Materials and methods
Details of injury classification and surgical history for the tetraplegic participants
Level of injury
Time elapsed since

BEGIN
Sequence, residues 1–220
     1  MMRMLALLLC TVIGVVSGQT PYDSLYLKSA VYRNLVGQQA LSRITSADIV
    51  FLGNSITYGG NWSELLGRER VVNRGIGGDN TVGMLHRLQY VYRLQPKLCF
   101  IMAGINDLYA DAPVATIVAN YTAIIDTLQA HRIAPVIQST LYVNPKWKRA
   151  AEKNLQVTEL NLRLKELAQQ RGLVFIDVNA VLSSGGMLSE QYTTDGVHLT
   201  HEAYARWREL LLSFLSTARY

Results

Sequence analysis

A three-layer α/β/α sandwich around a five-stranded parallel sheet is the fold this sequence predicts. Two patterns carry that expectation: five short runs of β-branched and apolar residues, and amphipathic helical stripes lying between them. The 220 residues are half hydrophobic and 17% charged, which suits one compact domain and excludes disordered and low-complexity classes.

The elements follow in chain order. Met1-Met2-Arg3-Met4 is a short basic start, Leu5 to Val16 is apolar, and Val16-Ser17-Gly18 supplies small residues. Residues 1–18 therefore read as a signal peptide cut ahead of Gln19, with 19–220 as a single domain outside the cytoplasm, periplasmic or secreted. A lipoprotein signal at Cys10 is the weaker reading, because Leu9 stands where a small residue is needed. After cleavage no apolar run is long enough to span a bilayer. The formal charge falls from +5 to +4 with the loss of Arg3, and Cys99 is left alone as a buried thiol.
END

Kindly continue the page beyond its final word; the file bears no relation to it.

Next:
All participants were seated and the tetraplegic participants remained in their own wheelchair. All participants had trunk movement restricted with a chest strap to avoid trunk motion and thereby facilitate the contribution of elbow motion to task completion. All participants completed a total of 64 horizontal aiming movements, which were separated into four blocks (2 vision, 2 no vision) of 16 trials. Within each block, target location was randomized so that each participant aimed equally away from or towards the body. Blocks were counterbalanced across participants, and advance information was provided regarding availability of vision. Each aiming movement began with the participant pressing down on the central “home” switch with the ball transfer unit, after which there was a random foreperiod between 500–750 ms, followed by an audio cue indicating aiming direction and that the trial should commence. A 400 Hz tone indicated that the participant should aim in the away direction whereas a 200 Hz tone indicated the toward direction. For the trials without vision, the glasses instantaneously became opaque for 5 s once the central “home” switch was released. Participants understood that they were required to perform the aiming task without vision and keep their arm in their final position until the glasses became transparent again. Thus they received terminal visual feedback but not concurrent visual feedback about their aiming. For each combination of condition and aiming direction, participants were required to move the arm as fast and as accurately as possible in order to locate the ball transfer unit on the target. No external feedback was given regarding movement time or final accuracy of the ball-transfer unit relative to the target. Importantly, while the ball transfer unit obscured vision of the target when it was in close proximity, this situation is no different from aiming with the fingertip or a tool to small targets. Also, participants were familiarised with the ball transfer unit and thus the location of the single large ball relative to the wrist-joint centre.